Because it became more than that. It wasn’t just a straw and a message. It was a powerful symbol of how the smallest act of kindness can impact somebody’s life.
I take that lesson with me wherever I go and I retell that story to anybody who will listen. Because I want them —no, I need them— to know how powerful their actions can be to a person in pain.
I visit a different Dutch Brothers now and that girl with the pink straw has moved on with her life. I don’t know what she’s doing now, but to me, she left a legacy. A legacy of kindness.
Every time I go to the new stand, I ask for a pink straw. Mostly because it reminds me that no matter how challenging my day is, or could be, that there is always somebody out there who cares. I don’t think any of them knew the story when I asked. I’m pretty sure I was just ‘that lady’ who wanted a pink straw.
Until one day when I told Jake, the manager, the story.
And guess what?
He shared it with his crew. And the meaning of the pink straw rose up again. And now this group of baristas knows how easy it is to change somebody’s day for the better with something so simple.
And since then, they have dived into my story, wanting to help me raise money and awareness for pancreatic cancer. Not because it’s effected them personally. Not because they have experienced that tragedy. No. They’re doing it because some girl in Idaho thought enough one day to be kind and now that story lives on and has evolved into something so much more.
And just a few months ago, that manager told me he had a surprise for me. When I asked him what it was, he presented me my iced drink, with a purple straw. Why purple? Because it’s the signature color of pancreatic cancer.
More ugly crying in line, thank you very much.
They don’t even really have purple straws. But the ones they get every so often; they have my name on it. Because they want to show me they care. They want to show me they’re doing something to honor my husband. They want to show me I’m not alone. They want to be part of the story. A story they’re helping create.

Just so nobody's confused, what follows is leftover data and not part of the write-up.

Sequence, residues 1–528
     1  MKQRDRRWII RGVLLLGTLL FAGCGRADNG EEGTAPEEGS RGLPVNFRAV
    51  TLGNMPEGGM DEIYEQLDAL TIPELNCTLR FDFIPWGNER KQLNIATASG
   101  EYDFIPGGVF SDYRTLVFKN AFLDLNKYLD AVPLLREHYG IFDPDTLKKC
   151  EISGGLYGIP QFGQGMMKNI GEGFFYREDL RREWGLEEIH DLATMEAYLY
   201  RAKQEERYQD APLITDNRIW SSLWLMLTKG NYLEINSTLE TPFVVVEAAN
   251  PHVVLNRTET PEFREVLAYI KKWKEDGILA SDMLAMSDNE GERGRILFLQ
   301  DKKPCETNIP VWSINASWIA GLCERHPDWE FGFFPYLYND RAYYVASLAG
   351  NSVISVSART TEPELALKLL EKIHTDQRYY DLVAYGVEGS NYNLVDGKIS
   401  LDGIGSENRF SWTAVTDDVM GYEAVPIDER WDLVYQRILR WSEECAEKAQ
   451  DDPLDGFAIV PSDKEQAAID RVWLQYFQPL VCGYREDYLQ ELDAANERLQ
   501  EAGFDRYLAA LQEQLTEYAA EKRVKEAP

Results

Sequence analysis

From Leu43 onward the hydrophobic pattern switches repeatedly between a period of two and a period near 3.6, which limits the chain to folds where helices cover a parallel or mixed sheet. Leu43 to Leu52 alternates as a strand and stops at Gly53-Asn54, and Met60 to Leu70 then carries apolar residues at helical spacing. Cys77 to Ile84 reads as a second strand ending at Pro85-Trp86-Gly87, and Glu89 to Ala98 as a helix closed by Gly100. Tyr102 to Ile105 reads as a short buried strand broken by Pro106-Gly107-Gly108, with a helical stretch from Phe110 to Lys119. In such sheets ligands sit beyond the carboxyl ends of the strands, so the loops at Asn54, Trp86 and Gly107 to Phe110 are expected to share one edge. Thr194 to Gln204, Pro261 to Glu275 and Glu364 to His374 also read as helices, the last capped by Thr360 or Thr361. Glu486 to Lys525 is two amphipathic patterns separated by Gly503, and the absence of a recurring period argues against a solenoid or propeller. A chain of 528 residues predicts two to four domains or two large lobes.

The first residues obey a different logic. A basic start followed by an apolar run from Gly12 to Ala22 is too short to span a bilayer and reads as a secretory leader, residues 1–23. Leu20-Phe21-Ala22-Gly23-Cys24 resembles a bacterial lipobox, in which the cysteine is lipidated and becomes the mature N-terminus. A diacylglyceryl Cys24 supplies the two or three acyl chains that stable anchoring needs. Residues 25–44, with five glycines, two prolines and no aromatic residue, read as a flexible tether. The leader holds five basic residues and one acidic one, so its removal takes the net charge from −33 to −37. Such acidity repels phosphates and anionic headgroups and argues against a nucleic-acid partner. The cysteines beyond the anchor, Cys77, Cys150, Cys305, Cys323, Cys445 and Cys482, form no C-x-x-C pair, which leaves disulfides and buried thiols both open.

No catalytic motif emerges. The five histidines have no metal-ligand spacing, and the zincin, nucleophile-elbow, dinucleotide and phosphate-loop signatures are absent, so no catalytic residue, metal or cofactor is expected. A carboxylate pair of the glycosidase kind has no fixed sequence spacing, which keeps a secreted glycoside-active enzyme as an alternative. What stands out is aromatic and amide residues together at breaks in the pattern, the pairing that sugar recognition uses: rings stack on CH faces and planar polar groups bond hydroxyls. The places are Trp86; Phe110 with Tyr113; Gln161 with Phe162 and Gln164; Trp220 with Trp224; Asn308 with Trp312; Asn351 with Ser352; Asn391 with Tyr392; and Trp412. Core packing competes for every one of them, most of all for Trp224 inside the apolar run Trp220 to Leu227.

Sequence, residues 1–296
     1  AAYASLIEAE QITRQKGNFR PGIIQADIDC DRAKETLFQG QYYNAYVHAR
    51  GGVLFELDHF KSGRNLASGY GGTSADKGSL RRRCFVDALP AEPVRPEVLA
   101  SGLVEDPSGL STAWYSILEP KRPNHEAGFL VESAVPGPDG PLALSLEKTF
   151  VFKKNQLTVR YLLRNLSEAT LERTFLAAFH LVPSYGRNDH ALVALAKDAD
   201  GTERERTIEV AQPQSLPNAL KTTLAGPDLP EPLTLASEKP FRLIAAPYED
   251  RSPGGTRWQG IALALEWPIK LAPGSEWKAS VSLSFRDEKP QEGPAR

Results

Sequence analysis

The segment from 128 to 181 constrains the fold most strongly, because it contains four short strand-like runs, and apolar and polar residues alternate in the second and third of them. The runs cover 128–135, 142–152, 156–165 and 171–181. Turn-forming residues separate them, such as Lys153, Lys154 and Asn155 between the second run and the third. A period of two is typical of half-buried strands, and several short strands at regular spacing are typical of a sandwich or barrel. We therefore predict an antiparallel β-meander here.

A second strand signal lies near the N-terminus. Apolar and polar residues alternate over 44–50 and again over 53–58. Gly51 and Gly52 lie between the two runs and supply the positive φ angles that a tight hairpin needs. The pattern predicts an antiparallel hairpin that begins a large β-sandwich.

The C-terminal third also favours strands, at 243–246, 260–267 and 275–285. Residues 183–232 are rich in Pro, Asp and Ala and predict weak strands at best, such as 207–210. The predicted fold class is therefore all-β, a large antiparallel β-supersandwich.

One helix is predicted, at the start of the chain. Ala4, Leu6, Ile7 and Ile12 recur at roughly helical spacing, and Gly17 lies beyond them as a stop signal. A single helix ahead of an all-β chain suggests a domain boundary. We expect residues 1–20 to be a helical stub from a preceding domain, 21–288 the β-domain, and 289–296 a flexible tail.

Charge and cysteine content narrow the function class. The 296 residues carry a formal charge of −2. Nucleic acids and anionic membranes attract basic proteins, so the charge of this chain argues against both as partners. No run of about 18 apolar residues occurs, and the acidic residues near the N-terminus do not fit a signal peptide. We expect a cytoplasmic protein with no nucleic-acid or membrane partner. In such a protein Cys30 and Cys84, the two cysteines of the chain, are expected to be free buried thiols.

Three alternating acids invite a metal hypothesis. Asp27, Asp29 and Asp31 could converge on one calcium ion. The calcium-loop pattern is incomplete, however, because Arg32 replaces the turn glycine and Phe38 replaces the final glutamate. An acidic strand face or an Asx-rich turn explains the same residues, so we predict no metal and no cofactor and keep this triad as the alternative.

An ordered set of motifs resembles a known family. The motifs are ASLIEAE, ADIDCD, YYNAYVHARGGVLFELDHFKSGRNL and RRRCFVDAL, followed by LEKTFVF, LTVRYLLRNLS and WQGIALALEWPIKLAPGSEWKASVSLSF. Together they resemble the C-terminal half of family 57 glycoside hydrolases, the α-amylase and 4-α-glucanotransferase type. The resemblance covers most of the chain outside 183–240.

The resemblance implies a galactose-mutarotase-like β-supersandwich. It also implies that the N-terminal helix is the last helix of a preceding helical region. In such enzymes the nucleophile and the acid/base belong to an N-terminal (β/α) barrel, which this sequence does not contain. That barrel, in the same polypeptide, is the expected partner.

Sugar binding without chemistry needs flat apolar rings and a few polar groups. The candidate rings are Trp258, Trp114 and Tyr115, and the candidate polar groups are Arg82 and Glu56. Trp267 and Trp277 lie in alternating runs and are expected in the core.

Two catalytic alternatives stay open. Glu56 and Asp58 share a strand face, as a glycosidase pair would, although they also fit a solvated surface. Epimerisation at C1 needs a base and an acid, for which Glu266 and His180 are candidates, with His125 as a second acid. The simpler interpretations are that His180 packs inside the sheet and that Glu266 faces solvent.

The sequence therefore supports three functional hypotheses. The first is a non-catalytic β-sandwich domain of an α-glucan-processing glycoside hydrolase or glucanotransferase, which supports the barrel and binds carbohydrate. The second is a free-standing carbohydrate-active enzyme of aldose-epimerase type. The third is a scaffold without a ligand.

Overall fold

We often think we have to do something big to make a difference. We think we have to spend a lot of money or do a grand act. We don’t. Sometimes, it starts from holding somebody’s hand, or being present in their grief, or offering a hug, or writing a note, or reaching out in some way. And sometimes, it starts with a pink straw.
Simple acts of kindness is all it takes. This small thing has literally changed my life, and I hope you remember that as you go on with yours. Whether you’re the giver or receiver, you can and you will make a difference by showing you care. How you do that is up to you, but find a way. Find a way to show somebody they’re not alone. Even if all you have is a pen and something to write on, you will never regret impacting a life. Give the gift of love. Give the gift of kindness.
I’m so thankful for mine.”
This story was submitted to Love What Matters by Diana Register of Meridian, Idaho. Her bestselling book, “Grief Life,” is now available in print and kindle. Experience love, laughter, loss and hope in this raw, emotional, honest look at grief. You can follow her work on her Facebook page. She has been chronicling her journey with grief in a series of stories for Love What Matters:
‘With his body full of tumors, he kept working’: Wife’s tremendous grief after husband’s cancer diagnosis
‘We pulled into the cemetery. It struck me we didn’t have anything to leave behind. As she opened the door, there it was. Two vials of glitter.’
‘We do not think of dispatchers as heroes, but that night, Jeff was mine.’